"We want to
be as scientific as possible," explains Dr. Kenneth Backhouse of London,
one of the society's leading spirits. "We want to keep out the bleeding
'earts—you know, the dear old souls who want to watch the little furry
creatures. The bleeding 'earts have nearly ruined bird watching, and with
mammals they'd be fatal."
With this in
mind, the society's rabbit and seal watchers, whale observers and bat ringers
(who catch bats and put identifying bands on their forearms) sternly snooped on
mammals all over England. The habits of weasels, seals, stoats, squirrels,
polecats, rabbits, deer, rats, moles and voles were under scrutiny. It was
rumored that hares seemed to be moving into rabbit holes—now that the rabbits
have fallen prey to myxomatosis. One J.H.F. Stevenson reported that female
foxes call their young with a "wuffling" sound—"Ug, ug, ug,
ug," said very rapidly with the mouth shut. Dead badgers were in demand—for
dissection. "Bleeding 'earts," said Dr. Backhouse proudly, "would
never scrape a dead badger off a road."
most massive problem? Whales, the doctor thought. "We know that numbers of
whales and dolphins and porpoises are washed up, stranded on beaches around
Britain every year. It's the duty of anyone seeing a stranded whale to report
it to the Registrar of Wrecks. The Coastguards used to do it, but with radar,
the number of Coastguards is going down. But there must be lots of people who
would be interested enough to do it—if you could only publicize the fact that
they should. That's the sort of thing we want to do."
MEET ME IN ST.
St. Louis is to
U.S. soccer as Philadelphia is to scrapple, so it was no surprise that the U.S.
Olympic soccer trials were held there last week. The 15-man team—the first full
U.S. squad in any sport to be chosen for the November Olympics—now faces the
next question: How to get to Melbourne?
When it comes to
doling out travel money, the U.S. Olympic Committee lists sports roughly in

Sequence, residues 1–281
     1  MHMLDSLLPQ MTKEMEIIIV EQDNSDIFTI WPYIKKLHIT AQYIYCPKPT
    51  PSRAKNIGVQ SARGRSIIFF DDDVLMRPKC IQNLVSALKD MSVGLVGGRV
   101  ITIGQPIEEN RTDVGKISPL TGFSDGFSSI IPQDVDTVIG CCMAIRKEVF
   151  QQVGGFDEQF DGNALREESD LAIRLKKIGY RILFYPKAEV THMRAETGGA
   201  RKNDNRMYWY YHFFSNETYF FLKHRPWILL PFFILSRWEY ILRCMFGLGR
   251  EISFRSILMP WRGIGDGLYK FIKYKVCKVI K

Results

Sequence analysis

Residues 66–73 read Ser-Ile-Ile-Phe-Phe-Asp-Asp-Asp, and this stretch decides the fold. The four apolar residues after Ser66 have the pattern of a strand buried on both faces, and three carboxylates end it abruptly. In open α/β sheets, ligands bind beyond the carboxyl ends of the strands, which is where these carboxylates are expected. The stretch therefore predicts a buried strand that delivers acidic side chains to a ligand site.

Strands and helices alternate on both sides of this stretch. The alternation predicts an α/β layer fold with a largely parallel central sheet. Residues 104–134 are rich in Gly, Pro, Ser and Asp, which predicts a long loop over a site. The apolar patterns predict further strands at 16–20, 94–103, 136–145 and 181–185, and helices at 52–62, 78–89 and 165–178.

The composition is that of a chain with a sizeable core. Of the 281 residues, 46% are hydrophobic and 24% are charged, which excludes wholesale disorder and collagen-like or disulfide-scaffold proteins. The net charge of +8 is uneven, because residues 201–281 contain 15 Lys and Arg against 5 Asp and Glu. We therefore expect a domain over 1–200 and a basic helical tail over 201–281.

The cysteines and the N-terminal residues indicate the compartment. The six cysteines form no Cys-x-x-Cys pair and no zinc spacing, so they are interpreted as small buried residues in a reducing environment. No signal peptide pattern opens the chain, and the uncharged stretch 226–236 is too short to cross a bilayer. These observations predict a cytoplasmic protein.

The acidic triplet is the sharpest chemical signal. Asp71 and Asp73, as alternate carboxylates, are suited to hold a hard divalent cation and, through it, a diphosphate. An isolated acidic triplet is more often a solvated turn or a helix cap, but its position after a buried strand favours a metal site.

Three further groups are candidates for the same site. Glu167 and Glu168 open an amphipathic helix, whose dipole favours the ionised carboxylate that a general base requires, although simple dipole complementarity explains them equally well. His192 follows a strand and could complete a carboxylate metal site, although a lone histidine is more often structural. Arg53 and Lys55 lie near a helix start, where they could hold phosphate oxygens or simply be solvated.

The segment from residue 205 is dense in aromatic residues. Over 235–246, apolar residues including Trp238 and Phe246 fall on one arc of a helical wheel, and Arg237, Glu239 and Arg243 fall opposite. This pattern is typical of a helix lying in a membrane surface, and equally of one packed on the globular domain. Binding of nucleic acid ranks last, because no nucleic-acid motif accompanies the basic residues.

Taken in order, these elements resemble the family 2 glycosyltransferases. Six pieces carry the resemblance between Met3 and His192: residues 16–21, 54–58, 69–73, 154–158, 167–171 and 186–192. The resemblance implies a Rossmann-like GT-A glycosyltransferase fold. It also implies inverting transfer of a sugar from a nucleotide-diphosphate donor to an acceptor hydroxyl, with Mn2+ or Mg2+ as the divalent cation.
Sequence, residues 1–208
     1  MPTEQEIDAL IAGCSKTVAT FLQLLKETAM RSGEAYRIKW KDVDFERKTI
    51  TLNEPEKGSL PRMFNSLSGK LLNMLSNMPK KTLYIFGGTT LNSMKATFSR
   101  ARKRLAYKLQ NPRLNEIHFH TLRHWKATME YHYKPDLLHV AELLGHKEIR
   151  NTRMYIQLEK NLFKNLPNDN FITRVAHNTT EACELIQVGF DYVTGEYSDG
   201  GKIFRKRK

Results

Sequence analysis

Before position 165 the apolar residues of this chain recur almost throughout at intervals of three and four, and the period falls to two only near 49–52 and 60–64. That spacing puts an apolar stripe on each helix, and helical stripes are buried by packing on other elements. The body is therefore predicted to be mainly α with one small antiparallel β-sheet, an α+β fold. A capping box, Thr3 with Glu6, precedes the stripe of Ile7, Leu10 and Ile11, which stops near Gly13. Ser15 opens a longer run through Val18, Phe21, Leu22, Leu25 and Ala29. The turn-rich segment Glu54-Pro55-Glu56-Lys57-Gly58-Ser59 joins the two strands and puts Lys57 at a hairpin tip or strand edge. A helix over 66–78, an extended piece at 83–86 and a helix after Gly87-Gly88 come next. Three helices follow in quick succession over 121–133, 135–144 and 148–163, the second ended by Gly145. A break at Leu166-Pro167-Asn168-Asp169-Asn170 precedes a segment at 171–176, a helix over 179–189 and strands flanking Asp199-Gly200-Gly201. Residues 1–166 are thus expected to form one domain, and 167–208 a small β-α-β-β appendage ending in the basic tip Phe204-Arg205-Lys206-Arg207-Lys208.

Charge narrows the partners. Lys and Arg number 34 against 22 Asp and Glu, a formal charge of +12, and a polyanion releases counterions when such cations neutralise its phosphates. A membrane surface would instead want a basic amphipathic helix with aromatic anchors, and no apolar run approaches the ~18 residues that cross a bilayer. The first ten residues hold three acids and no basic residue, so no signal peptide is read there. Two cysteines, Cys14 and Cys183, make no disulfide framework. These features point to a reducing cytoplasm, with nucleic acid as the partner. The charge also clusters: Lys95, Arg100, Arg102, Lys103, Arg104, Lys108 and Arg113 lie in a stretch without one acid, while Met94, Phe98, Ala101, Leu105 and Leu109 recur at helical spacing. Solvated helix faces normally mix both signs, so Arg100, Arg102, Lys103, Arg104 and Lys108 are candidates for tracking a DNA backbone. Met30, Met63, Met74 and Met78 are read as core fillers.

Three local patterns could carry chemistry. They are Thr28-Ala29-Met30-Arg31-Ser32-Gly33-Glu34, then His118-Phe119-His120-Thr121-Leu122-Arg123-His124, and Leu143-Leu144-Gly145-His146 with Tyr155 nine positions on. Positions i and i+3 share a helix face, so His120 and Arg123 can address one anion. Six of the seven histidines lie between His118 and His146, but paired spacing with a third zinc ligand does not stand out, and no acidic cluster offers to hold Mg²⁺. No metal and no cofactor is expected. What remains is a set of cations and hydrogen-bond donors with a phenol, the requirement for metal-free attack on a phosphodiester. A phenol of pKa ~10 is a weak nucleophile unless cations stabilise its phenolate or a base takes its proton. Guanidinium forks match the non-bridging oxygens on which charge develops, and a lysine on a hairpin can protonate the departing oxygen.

order of their "mass base." Soccer is third from last on the list,
outranking only cycling and field hockey. To help raise the $35,000 expense
kitty, the committee hopes to match the U.S. soccer team against visiting
English, Scots and German amateur teams this spring and summer. The team will
definitely go to Melbourne; however, a scheduled elimination match with Mexico
was called off and the U.S. won by default when the Mexicans could not raise
enough pesos for their own expenses.
In Australia the
Americans will not have to strain very hard to better previous U.S. Olympic
records. The U.S. has been represented by soccer teams at the Games since 1924
(16 years after soccer was added to the list of Olympic events). That year the
Americans survived the first round, defeating an Estonian team, only to lose
out to Uruguay 3-0. Since then the U.S. has never got beyond the first round,
has scored a grand total of two points in 24 years.
four members of the 15-man 1956 team are St. Louisans, and so is the top-ranked
alternate, John Traina (members of the selection committee admitted that they
might have picked Traina for the first squad, but felt that one more man might
give the team too much of a Missouri accent). Otherwise, the teammates are
eminently representative of the whole country. Four players are New Yorkers,
three are from Chicago, with Los Angeles, University Park, Pa., Syracuse and
Cincinnati represented by one man each. Among the players are three soldiers, a
barber, a mailman, a shipping clerk and a truck driver. The team's flashiest
player, Inside Forward Zenon Snylyk, 22, is a naturalized American born in the
Ukraine who is also a political science student at the University of Chicago.
Next fall he plans to move to St. Louis, so he can play more soccer.
LESSON ON A
of Tunis tossed off an idea about Olympic competition the other day, and it was
enough to make the turf tremble on the playing fields of Harrow: Why bother
about the distinction between amateurs and professionals anyhow? "Let
everybody compete," cried Earl Alexander. "Then there can be no
arguments afterward. After all, the world has changed considerably since the
Olympic Games were revived in the 1890s by Baron Pierre de Coubertin of France.
For one thing, there were few professional athletes of any description at that